• by Suicide Drink (1125803) on Friday June 27, 2008 @09:06AM (#23966745)
    Webb:

    Thank you for contacting my office regarding the Foreign Intelligence Surveillance Act (FISA) Amendments Act of 2007 (S. 2248). I appreciate you taking the time to share your thoughts and concerns with me. As you know, the FISA Amendments Act would amend current law by expanding the intelligence community's authority to collect foreign intelligence through electronic means. Having served as U.S. Secretary of the Navy and as Assistant Secretary of Defense, I relied on decades of experience in dealing with national security matters and classified intelligence when I voted in favor of final passage of this bill on February 12, 2008. I also met with a wide variety of people who were both supportive of, and opposed to, these changes. During the Senate debate, I supported a number of amendments that were designed to improve the constitutional protections of our citizens. Further, Senators Russell Feingold, Jon Tester, and I introduced an amendment that would have added additional checks and balances with respect to assessing the appropriate use of surveillance. Unfortunately, this amendment was not passed by the full Senate. After passage of the Senate bill, I sent a letter urging Members who sit on the Senate-House Conference Committee to strike a more appropriate balance between protecting constitutional rights and providing the intelligence community with the tools needed to monitor terrorists. Regarding retroactive immunity for telecommunication companies that participated in the National Security Agency's (NSA) warrantless wiretapping program, I do not support full immunity for companies who aided Government surveillance. I prefer a middle-ground solution that would allow court cases to proceed under appropriate circumstances. For example, I supported an amendment offered by Senators Arlen Specter and Sheldon Whitehouse, which would have allowed the U.S. government to be substituted for telecommunication companies in certain civil actions. I also supported an amendment offered by Senator Dianne Feinstein, which would have allowed the Foreign Intelligence Surveillance Court (FISC) to determine whether telecommunication companies acted in good faith when complying with government surveillance request. If the FISC determined a telecommunication company did not act in good faith, the company would not be immune from consumers' legal actions. As the U.S. Senate continues to debate matters pertaining to electronic surveillance, please be assured I will keep your views in mind.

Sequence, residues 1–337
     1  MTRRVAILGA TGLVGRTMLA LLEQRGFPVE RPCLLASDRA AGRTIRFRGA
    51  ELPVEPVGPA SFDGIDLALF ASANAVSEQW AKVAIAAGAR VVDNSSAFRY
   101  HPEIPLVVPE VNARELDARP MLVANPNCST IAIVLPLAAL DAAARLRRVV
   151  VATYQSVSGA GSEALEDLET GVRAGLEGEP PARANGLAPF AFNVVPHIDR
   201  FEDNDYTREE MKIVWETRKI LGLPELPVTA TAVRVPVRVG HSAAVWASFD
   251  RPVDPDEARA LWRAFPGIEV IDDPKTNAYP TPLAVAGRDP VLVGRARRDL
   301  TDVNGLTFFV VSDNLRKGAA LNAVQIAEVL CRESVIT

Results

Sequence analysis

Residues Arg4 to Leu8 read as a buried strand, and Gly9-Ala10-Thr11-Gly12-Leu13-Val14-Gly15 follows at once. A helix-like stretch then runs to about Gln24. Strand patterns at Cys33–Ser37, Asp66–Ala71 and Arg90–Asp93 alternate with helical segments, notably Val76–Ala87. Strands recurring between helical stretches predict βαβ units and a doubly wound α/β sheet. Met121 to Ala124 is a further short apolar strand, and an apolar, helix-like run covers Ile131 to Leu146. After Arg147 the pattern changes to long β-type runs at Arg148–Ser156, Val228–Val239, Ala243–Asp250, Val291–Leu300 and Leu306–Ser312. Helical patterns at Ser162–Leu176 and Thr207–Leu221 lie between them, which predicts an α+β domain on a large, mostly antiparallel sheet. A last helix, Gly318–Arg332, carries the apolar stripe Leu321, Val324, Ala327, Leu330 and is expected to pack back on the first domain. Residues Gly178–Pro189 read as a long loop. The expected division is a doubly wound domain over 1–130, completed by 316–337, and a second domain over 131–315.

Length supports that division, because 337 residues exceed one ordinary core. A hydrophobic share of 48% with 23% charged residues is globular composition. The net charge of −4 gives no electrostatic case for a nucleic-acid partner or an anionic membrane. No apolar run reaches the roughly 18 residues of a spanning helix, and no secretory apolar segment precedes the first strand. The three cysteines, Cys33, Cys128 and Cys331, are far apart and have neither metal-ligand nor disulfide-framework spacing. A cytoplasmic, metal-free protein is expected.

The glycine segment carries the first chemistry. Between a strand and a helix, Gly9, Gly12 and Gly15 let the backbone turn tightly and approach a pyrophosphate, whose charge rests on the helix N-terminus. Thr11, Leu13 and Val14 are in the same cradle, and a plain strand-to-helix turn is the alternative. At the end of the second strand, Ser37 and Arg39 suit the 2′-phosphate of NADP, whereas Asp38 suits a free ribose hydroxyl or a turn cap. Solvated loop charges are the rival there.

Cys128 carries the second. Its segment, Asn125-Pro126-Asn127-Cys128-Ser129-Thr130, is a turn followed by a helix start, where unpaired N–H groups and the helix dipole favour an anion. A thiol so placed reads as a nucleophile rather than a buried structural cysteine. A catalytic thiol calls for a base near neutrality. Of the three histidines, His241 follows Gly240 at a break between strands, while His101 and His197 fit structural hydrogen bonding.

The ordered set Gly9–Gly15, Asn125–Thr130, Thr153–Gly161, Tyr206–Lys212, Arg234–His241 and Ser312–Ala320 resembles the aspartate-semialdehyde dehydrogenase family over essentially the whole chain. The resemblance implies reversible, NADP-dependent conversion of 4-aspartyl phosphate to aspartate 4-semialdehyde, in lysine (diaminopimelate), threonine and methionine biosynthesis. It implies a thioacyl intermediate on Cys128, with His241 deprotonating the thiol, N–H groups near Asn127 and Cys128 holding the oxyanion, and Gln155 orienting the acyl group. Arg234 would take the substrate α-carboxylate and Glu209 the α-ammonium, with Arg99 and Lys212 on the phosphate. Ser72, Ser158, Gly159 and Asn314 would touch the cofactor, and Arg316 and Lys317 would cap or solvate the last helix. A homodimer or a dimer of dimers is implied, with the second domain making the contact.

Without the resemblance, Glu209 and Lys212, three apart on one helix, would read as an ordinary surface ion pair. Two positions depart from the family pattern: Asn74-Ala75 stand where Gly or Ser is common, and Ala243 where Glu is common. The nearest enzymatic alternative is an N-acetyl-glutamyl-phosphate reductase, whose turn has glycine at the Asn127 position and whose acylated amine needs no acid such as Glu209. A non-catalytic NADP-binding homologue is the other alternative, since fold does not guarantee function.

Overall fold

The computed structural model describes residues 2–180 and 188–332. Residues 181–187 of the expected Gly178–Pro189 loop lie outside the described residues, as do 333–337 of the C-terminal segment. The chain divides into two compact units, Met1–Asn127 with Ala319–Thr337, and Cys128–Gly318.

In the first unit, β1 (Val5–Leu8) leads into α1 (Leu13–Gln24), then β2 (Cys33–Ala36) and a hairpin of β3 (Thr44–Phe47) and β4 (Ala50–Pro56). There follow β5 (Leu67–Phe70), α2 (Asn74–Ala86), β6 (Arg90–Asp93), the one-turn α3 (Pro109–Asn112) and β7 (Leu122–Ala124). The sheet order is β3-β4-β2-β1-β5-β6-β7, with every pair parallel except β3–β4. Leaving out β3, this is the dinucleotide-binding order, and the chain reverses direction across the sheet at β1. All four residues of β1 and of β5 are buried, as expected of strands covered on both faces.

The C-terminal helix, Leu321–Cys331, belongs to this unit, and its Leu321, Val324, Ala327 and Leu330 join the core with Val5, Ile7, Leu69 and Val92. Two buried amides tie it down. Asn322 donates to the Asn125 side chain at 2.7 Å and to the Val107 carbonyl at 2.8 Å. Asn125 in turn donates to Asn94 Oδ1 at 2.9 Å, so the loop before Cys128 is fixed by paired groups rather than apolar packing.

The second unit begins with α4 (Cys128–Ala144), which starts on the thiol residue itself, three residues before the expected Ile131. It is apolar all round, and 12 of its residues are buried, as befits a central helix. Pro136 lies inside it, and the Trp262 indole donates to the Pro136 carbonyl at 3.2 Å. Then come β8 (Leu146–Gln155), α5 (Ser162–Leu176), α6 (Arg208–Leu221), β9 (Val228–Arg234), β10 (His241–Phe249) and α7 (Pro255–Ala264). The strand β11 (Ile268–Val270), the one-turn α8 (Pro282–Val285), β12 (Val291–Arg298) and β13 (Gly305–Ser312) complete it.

Warner:

    Thank you for writing to share your views on surveillance activities conducted by the National Security Agency (NSA) and oversight by the Foreign Intelligence Surveillance CourtAct (FISA) court. I appreciate your thoughtful inquiry. The Foreign Intelligence Surveillance Act (FISA) provides a statutory framework for the federal government to engage in electronic surveillance to obtain foreign intelligence. Under current law, the FISA court, an eleven-member court created by Congress in 1978, reviews government requests to conduct certain domestic surveillance for foreign intelligence purposes. If the court finds probable cause to believe that the target of the proposed surveillance is a foreign power or agent of a foreign power, the court may issue an order authorizing surveillance. As you know, citing his authority under Article II, Section 2 of the Constitution, the President authorized the NSA to collect signals intelligence from communications involving foreign persons who were reasonably believed to be al-Qaida members and who called into the United States or someone in the United States. The President's program was intended to fill a gap in intelligence collection for those calls that were not purely domestic and not purely foreign. On August 17, 2006, a federal district judge ruled court ruling in a lawsuit by the American Civil Liberties Union determined that the NSA surveillance program was unconstitutional and ordered that t

  • by sumdumass (711423) on Friday June 27, 2008 @09:59AM (#23967499) Journal

    The party wouldn't be pissed off if they actually paid attention.

    Under existing law at the time, the telecoms should have have immunity already. the so called lawsuites aren't really about damage, they are to find dirt on the administration because the telecoms would simply show the orders they received authorizing the taps and all. But there is a hitch, the administration has declared them all classified and remanded them as a state secrete which means that the telecoms can't give any of the information out.